The only way to address the quality of the water used in your home holistically is by upgrading to a whole-home water filtration system. There are several advantages to switching to a whole-home water filtration system. They potentially include:

  • Better-tasting water
  • Water that is safer to drink
  • Softened water that does not harm your pipes, appliances, faucets, or fixtures.

The benefits of upgrading

In addition to purifying the water your family uses everyday, a whole-home water filtration system will provide you with water that:

  • Tastes great
  • Enhances the natural flavor of cooked meals
  • Works properly with soap and detergents for better cleaning
  • Leaves your skin and hair feeling great

To learn more about the ways a water filter system can benefit your home, contact our team here at King Heating, Cooling & Plumbing. We’re your plumbing repair, service, and installation experts here in the Chicago area. Get a free plumbing inspection by calling us today!

What is the water heater pressure-relief valve and what purpose does it serve?

Year after year, your water heater serves an important role in your home. Your morning routine just wouldn’t be the same—or nearly as comfortable—without hot water. Yet, water heaters and their components do not last forever. Preventative maintenance is the key to ensuring that your water heater continues to safely provide your home with hot water. In this article, we’ll review a critical safety component of your water heater, the water heater pressure-relief valve. We’ll discuss what it is, what it does, and how to ensure it’s still working and protecting both your water heater and your home.

Too high of a temperature setting can also cause excess pressure in your water heater. Talk to your King plumber about what temperature your water heater should be set at.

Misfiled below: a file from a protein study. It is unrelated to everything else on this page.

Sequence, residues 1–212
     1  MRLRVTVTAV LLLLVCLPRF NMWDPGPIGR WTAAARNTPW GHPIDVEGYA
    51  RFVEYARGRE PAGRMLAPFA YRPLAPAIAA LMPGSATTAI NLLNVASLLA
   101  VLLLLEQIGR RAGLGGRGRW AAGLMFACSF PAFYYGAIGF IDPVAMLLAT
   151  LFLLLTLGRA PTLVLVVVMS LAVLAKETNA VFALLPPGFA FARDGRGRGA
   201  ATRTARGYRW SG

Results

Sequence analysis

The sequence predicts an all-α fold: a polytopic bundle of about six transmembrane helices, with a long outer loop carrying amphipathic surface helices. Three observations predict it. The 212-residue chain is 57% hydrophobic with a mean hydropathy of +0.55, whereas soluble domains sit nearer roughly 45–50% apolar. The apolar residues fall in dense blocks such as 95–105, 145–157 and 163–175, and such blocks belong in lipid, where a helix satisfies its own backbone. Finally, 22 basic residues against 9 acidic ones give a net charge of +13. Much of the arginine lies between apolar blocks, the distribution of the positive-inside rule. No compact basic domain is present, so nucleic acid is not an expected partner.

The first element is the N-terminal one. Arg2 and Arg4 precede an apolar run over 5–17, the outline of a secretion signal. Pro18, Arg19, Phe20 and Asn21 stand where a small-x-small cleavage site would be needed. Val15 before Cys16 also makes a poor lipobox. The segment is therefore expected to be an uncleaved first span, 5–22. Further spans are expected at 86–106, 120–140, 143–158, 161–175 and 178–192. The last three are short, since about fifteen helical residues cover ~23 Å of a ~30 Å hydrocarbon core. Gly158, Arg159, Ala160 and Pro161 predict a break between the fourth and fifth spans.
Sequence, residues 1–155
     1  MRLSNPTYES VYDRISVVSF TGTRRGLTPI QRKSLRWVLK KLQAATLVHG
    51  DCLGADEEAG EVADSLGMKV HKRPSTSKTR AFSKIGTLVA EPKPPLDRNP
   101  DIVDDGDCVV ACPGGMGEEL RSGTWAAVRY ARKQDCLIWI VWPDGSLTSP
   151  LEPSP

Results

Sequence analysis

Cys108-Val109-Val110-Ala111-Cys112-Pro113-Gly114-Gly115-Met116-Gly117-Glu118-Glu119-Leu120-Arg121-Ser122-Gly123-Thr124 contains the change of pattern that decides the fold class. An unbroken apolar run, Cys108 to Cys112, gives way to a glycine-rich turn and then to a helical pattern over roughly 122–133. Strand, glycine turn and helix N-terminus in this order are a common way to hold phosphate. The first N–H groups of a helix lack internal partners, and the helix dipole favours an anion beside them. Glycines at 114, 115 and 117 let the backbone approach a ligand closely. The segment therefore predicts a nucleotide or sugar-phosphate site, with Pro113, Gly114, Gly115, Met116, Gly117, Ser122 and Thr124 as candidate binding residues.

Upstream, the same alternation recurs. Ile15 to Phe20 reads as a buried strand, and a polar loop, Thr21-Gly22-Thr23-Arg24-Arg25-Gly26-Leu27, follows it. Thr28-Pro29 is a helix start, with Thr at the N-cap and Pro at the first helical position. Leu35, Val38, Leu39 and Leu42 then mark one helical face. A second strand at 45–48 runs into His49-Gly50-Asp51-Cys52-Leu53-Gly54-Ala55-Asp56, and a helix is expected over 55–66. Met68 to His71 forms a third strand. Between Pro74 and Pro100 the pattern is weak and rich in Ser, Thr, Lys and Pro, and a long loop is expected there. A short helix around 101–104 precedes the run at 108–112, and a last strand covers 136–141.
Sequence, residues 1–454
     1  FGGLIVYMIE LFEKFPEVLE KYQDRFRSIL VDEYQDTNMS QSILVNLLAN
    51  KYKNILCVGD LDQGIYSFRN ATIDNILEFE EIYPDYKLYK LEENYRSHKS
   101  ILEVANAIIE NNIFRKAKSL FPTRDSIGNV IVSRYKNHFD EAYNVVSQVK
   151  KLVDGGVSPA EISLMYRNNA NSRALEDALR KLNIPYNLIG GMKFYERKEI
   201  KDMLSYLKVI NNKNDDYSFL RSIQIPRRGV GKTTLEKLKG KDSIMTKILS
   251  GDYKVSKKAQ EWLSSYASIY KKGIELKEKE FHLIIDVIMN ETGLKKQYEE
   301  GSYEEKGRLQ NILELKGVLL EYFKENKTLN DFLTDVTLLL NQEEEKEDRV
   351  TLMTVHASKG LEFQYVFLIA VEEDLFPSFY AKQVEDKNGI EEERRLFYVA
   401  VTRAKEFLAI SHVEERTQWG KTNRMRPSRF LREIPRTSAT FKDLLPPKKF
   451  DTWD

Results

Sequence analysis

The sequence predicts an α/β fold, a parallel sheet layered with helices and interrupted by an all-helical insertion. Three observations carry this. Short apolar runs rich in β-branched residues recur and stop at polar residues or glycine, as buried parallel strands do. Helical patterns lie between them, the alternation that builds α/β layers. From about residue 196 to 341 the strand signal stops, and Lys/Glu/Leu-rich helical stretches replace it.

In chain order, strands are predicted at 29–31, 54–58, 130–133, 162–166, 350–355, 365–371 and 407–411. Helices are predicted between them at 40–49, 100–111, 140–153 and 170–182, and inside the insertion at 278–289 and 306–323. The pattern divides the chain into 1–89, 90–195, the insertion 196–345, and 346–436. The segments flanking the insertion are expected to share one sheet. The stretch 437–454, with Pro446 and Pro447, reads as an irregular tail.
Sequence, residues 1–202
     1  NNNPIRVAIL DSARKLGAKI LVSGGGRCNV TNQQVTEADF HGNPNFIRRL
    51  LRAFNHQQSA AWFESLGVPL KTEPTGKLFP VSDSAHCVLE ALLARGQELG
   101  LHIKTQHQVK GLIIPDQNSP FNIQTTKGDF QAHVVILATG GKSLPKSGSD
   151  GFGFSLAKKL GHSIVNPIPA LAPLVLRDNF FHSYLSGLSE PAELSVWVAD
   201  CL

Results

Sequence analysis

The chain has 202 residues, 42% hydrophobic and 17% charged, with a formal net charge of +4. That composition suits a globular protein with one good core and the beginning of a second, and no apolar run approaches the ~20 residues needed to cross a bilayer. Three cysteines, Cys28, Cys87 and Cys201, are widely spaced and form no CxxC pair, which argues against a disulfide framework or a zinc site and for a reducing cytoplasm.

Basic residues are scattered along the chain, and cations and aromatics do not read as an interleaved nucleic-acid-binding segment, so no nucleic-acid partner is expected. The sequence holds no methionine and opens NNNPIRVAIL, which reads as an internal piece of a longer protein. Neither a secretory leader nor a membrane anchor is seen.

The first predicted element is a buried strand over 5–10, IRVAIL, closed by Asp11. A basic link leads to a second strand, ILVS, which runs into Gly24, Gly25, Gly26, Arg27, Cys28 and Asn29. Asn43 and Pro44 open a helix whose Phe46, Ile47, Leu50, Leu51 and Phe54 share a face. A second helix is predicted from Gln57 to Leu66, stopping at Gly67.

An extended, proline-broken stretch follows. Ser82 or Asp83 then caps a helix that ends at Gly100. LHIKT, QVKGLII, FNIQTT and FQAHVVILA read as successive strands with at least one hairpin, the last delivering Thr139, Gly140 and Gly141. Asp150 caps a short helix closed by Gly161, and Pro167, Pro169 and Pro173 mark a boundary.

What is the water heater pressure-relief valve?

The name is actually quite literal. It’s a valve that relieves excess pressure in the water heater tank. By doing so, it can prevent excess pressure buildup that has the potential to cause a tank burst and flood your home. It’s an unheralded but essential safety mechanism for your water heater.

What leads to excess pressure in the tank?

As your water heater heats up the water in the tank, the water expands and steam is generated. The greater the heat, the more expansion that occurs. This expansion puts pressure on the exterior walls of the tank, but this is to be expected. Some degree of excess pressure escapes through the water pipes connected to the water heater. In the event that it cannot, the pressure-relief valve triggers. By releasing some of the hot water and air, the valve lowers the pressure back down to safe levels.

For reference, the normal pressure of the water inside of the water heater tank is 50-100 PSI.

What can go wrong?

If the pressure-relief valve is unable to open, the pressure can continue to build inside of the tank past that 100 PSI ceiling. The heavy metal tank can withstand a lot of pressure buildup, but it eventually has its limits. The results are explosive, as the tank gives way, sending hot water flooding outward. If your water heater has an emergency shutoff valve installed, the burst will be detected and the water supply will automatically shutoff. If not, you’re potentially looking at a flooded home with significant and costly water damage.

So, what causes the pressure-relief valve to fail? In many cases, the valve gets stuck or frozen in place due to the buildup of rust and corrosion inside the tank. Or, the valve is stuck due to a prior instance in which it released hot water. A broken valve is something that should be fixed right away, but—unless you’re examining your water heater closely on a regular basis—may not be something most homeowners notice. That’s why regular testing and maintenance is important.